Titled “Code Red – How software companies could screw up Obama’s health care reform” he gives introductorily a short overview about the drawbacks of the current health care system and the idea behind Obama’s Stimulous Bill aka American Recovery and Reinvestment Act (ARRA).
He subsequently provides detailed insights about Electronic Medical Record (EMR) implementations across the U.S. in which the adoption of FOSS has considerably increased the quality of care and reduced costs in contrast to proprietary EMR solutions.
His actual point is that the bill and the thereby provided money (about $ 20 billion) is about to be restricted only to proprietary EMR software companies in case their lobbying succeeds.
This is on one hand due to the not so clear definition of the term “meaningful use of certified software” in the ARRA (see pages 467-96). The commercial vendors are now trying to persuade the regulators so that the “meaningful use” of software is proven by a certification process. The responsible institution for that could be – and in their eyes should be – the Certification Commission for Healthcare Information Technology (CCHIT) that is according to the author “… largely funded and staffed by the very industry whose products it is supposed to certify”. The about page of the CCHIT states it like this: “…with capital contributions and in-kind staff support from a collaboration of three health IT associations: the American Health Information Management Association (AHIMA), the Health Information and Management Systems Society (HIMSS), and The National Alliance for Health Information Technology (Alliance).”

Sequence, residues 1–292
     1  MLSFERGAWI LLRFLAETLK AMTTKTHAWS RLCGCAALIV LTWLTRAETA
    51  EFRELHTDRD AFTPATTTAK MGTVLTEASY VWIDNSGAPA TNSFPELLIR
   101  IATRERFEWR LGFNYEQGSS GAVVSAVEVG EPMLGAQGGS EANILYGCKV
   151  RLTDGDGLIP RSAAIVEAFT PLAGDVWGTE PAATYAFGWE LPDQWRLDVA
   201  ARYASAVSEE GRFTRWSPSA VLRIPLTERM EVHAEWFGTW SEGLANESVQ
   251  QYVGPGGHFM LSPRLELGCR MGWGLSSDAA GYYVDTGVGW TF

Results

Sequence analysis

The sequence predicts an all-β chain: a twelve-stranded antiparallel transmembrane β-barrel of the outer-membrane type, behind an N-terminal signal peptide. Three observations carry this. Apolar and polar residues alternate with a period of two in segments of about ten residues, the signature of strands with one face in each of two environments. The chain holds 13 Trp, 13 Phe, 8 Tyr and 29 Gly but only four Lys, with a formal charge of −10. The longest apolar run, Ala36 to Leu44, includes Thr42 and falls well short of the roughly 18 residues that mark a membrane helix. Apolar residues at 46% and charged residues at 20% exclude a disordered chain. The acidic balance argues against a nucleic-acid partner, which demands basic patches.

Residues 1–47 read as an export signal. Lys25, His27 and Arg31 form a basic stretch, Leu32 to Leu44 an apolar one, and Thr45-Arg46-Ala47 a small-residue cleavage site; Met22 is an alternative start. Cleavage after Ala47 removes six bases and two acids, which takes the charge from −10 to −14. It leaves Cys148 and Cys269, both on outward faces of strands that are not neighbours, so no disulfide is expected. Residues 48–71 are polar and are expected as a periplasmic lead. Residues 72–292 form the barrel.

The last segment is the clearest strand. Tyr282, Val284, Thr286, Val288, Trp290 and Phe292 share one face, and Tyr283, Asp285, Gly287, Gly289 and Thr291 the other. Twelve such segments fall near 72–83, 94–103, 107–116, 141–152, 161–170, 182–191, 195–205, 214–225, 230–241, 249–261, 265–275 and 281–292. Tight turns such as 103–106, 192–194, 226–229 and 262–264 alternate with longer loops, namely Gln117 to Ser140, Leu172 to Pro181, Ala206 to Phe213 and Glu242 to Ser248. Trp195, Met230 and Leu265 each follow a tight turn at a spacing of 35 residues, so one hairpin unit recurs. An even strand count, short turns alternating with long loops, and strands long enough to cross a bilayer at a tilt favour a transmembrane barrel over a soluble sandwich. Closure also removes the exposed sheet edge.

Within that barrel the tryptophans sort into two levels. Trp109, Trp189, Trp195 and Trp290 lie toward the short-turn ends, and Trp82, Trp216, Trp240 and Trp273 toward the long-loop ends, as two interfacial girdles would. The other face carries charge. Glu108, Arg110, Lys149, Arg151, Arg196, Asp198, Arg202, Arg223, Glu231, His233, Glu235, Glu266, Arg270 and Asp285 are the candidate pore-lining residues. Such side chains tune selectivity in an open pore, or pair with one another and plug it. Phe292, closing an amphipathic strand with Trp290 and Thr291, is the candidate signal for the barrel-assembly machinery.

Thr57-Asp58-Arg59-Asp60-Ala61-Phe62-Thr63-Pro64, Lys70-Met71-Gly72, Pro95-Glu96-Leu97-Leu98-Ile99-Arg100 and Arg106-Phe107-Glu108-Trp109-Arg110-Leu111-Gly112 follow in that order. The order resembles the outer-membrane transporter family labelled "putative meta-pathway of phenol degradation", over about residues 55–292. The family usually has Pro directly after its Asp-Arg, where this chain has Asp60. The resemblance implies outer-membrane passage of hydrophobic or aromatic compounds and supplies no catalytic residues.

On the other hand – even if the vendors will not succeed with their strategy – they will have much better means of marketing and sales to get their slice of the cake. P. Longman doubts that this will contribute to the process of improving the quality of care and making the health care system more effective – the original idea of the Stimulus Bill.
Concluding he suggest “… to take the stimulus money off the table …” until the details are clearly defined and the potentials of Open Source health IT have been analyzed by a federal interagency study that should be available until in 2010.
The article has quite some length, still it is absolutely worth reading … as beside the political debate it clearly constitutes the advantages of FOSS in health care.
[found via Crossover Healthcare]
For more information about the in the article mentioned “VistA” EMR software see:
A comprehensive listing of medical FOSS projects is available at freemedsw.apfelkraut.org.